You may have noted a brief hiatus in our publication, a mixture of good and bad. Good, in that George Trone has moved from Michael Moore’s Flint to Carl Sandburg’s Chicago. With his wife, Ahn-Mei, and their two children George is gradually settling into a new position in the President’s office at the University of Chicago, while his wife advises that genius of institutions, the MacArthur Foundation. All to the good, but bad in that his big move has been taking George away from his customary solicitude for our contributors. It has taken us a while to get things back on even keel.
George was the founder, with me, of this e-journal, and has been a mainstay ever since. . His common sense and literate skills, together with his understanding of the obligations of the humanities to medicine (George's father is a physician) have provided a sense of order to what we have been doing. I hope he will soon be able to come back to us in a big way. Meanwhile, all of you can join me in wishing George and his family all the best in that wonderful city by the lake!
Our journal continues to thrive as a store-house of contributions to the broad area of humanities in medicine. Looking back, I am thrilled by all the material that we have, still pertinent today, but I wish we had an index that could be searched easily. We will try, soon, Alan Astrow has provided much for readers to think about, in the essays he has edited on religion in medicine, broadly described nowadays as “spirituality.”
The electronic format remains ideal: cheap and rapid, and as limitless as the Atlantic. So many hard-copy journals, with the very same goals, have failed owing to the expense of editing a paper journal, but George has stayed the course! Bill Rector as our poetry editor for more than a year soldiers on. He enlarges my own mid-19th century predilection for meter and rhyme, and I am grateful.
I'm happy to report that Randi Hutter Epstein has come aboard, to continue my nautical metaphor, as managing editor to inspire confidence in the folks the age of my grandchildren. She has the requisite Yale connection, a medical student here in the late 90s. Randy will be writing something to let you know more about herself but I can tell you that she is a gracious mother of four who bicycles around Manhattan in a bicycle that folds up and that she carries on her back, rain or shine! Just published a book about childbirth, Get Me Out, and doubtless will have more to tell you in the future.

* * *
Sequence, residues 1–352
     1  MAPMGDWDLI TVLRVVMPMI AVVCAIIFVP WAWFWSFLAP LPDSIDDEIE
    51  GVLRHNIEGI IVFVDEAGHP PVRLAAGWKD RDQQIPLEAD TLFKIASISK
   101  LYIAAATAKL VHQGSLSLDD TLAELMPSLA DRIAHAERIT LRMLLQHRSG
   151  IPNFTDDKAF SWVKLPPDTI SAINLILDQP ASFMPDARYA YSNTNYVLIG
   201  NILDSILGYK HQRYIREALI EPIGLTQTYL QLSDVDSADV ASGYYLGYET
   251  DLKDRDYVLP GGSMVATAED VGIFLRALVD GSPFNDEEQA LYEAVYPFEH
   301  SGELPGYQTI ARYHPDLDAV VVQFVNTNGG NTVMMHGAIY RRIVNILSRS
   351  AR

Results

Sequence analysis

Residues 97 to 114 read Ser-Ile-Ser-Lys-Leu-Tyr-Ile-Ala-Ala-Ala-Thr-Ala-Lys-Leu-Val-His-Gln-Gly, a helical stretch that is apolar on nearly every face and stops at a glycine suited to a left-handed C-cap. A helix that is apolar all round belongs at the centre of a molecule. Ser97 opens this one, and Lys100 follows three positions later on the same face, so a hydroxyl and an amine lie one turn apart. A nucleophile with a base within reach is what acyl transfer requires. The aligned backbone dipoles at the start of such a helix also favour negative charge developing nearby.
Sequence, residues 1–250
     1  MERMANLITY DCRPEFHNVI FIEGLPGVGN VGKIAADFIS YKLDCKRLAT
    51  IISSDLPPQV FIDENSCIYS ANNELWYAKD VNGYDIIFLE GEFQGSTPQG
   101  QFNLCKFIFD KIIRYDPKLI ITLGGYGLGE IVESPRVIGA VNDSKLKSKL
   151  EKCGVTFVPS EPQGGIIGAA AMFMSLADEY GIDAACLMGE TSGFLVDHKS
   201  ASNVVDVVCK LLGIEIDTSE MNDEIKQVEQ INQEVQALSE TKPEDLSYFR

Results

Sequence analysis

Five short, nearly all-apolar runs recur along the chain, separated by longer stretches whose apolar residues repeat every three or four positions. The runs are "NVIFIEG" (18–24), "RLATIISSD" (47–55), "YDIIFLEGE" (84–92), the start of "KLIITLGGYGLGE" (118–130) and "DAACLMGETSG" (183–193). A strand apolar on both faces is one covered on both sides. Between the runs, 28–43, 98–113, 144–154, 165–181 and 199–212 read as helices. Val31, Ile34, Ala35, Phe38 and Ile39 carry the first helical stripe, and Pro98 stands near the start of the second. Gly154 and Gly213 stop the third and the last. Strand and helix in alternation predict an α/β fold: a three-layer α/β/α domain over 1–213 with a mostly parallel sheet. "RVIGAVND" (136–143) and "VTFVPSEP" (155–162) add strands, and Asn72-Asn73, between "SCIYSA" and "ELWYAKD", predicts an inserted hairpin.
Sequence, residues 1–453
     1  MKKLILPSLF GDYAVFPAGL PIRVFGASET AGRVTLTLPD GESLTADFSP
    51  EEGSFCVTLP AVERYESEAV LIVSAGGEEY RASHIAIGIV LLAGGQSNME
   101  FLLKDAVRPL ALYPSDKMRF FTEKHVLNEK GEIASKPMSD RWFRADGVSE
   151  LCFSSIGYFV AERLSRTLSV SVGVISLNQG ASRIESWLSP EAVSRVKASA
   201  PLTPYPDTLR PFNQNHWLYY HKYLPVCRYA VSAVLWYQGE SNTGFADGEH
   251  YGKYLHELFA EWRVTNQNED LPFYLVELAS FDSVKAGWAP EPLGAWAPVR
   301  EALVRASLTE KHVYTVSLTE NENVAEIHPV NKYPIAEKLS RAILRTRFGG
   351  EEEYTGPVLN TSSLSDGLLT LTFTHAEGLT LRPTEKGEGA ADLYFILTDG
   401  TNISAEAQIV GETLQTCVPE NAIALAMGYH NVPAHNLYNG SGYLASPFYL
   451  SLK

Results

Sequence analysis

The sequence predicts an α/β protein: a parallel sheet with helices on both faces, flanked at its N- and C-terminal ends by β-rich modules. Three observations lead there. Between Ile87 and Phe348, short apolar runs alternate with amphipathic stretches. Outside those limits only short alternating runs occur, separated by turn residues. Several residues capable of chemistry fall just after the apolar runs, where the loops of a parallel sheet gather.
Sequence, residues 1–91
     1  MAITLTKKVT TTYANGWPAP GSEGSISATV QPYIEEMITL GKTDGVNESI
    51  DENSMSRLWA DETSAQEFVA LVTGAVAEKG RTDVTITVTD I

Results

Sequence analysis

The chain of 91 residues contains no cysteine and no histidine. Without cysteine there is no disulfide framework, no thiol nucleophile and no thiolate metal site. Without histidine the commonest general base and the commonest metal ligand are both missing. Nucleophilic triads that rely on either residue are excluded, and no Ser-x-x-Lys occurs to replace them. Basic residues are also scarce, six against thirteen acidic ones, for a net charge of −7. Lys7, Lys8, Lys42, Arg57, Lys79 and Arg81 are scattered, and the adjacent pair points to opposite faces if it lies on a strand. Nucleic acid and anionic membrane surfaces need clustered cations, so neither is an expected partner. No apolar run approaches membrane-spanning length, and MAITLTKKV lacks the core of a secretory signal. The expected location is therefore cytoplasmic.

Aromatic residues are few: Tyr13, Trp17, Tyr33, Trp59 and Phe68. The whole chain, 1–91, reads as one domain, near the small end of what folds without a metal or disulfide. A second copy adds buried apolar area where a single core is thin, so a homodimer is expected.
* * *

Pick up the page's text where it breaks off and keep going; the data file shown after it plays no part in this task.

We are grateful also to Michelle Joy who has ferreted out the requisite metaphorical wires that enable us to send your words out to what used to be called the “ether.”
We continue to welcome words from anyone who hopes to influence and educate “health-care providers;” their contributions should be reasonably literate and pertinent to the broad field of medicine and medical practice, or to nursing and nursing practice.
Observations from medical students and student nurses are especially valued. As yet untrammeled by indoctrination and not yet hardened by experience, their visions often prove as illuminating as the narratives of patients. Their stories and those of our patients— “narrative” now the style is —show physicians at our worst and, one hopes, sometimes at our best. Descriptions of the patient-physician encounter have been an unfailing source of correction and insight.
Physicians have been educated to believe that we are scientists skeptical about anything that cannot be tested or measured. But all of us are, in the old phrase, “body, mind, and spirit,” a trinity still too often ignored by doctors, to our patients’ sorrow. Psychotropic drugs can cure depression, but they do not banish sorrow. There is much more to say on this topic; continuing dialogues between the clergy and physicians has always been a source of courage, as each generation wrestles with eternal questions.
Our new YJHM Blog is thriving , I call your attention to Ed Volpintesta , among the most prolific blogger/ essayists I have ever known. A family practitioner in Danbury Connecticut ,.he knows what he is talking about. But Ed is also fond of the classics and literate in many other ways that widen the sense -the common sense- of his contributions You can view the bulk of his recent essays on our blog site (http://blog.yjhm.org).
Copyright continues a murky question, most advisers holding that copyright flows from the “pen.” We claim no copyright on anything published in this journal. You can re-publish it anywhere you want, but we appreciate a link to your endeavor.
So continue to send along your contributions by e-mail to me at firstname.lastname@example.org or to Randi at email@example.com. Poetry submissions should be directed to Bill Rector at firstname.lastname@example.org. And send us advice about any new directions we should take. We continue to invite book reviews and from time to time, notices of classics that need rereading.
Bless you all.